UK guidelines on antenatal education specify how fathers should be engaged

antenatal education

The UK Department of Health’s Preparation for Birth and Beyond (2011) sets out in some detail (220 pages) how antenatal education should be configured. It refers to “mother and father” throughout. Research shows that when content and activities are tailored to include and meet their needs, fathers engage well, and this benefits them, their partners and their babies.

A key recommendation is that maternity services actively find out what local mothers and fathers want, to ensure they cater for diversity of population, such as ethnic/language groups and parents of different ages.

The target outcomes for antenatal education are specified as:

  • Mothers and fathers are able to give their baby the best start in life.
  • Mothers and fathers have a positive birth experience.

In terms of delivery of education, the priorities for fathers are:

  1. Address the father as a parent of the baby, as well as a support person for the mother.
  2. Engage the father specifically and actively, offering information and resources that directly address men. Use the word “father” because “parent” is often perceived to mean “mother”. This will overcome the perception that antenatal education is only for women.
  3. Provide some men-only sessions later on in the antenatal course.
  4. Help mothers and fathers understand that becoming a skilled parent is a matter of practice for both parents.
  5. Ensure fathers are particularly well-informed about health issues over which they have influence: breastfeeding, diet, alcohol use, smoking, mental health.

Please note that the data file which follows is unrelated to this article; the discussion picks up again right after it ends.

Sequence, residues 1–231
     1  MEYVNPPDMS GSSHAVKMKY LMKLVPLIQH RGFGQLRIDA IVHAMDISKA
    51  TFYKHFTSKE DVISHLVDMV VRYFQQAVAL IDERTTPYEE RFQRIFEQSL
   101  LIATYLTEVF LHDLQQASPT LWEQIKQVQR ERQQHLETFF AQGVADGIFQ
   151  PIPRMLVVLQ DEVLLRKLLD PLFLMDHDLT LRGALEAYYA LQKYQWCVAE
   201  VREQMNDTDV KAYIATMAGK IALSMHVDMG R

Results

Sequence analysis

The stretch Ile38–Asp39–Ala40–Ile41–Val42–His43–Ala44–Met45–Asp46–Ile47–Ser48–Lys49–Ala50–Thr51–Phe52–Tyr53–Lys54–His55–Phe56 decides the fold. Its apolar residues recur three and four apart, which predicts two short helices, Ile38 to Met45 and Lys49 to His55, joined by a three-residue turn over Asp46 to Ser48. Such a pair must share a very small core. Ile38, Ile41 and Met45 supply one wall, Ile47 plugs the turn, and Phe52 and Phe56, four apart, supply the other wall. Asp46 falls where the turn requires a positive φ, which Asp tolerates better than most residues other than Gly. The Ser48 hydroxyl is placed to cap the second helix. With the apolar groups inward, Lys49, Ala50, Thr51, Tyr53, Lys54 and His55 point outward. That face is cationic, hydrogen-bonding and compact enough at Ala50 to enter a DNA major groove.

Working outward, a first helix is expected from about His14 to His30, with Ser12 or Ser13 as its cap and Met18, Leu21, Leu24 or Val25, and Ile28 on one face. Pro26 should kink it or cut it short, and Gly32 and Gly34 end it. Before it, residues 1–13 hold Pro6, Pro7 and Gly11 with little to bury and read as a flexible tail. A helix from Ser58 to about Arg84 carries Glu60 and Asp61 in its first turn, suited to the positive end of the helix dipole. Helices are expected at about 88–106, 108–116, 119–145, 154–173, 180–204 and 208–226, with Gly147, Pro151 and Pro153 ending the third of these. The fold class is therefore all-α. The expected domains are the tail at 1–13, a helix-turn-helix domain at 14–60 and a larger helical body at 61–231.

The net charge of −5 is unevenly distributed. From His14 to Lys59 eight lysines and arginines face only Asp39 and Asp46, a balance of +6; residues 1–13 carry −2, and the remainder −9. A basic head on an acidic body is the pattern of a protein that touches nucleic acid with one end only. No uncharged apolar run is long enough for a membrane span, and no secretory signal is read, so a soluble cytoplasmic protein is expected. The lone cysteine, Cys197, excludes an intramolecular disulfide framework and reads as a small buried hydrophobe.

The Preparation for Birth and Beyond programme identifies six themes and in the expansion of each theme addresses issues pertaining particularly to fathers.

  1. The developing baby
  2. Changes for the parents
  • Dealing with couple differences and conflicts in the early days.
  • Managing work/training/learning – parental and paternity leave entitlements.
  • Managing the couple relationship after the birth (quality declines in many couples).
  • Managing the pressures of gender norms (couples tend to fall into traditional gender roles after a baby is born, yet often feel troubled about this).
  • Understanding Parental Responsibility for fathers, if unmarried.
  1. Giving birth and meeting the baby
  • Understanding of the role of a birth partner and preparation to be one if intending to be present at the birth,
  1. Caring for the baby
  • Father-baby bonding (which leads to greater paternal investment in the child).
  • Practical skills handling the baby (which leads to him doing more of it).
  • Support for breastfeeding.
  1. Parental health and well-being
  • Postnatal depression, in either mother or father (or both).
  • Dealing with worries – lack of role, low confidence, money and work, not knowing what to do.
  1. People who are there for us
  • Links to support for new fathers in the community.


UK Department of Health (2011), Preparation for Birth and Beyond

Photo: Paul D’Ambra. Creative Commons.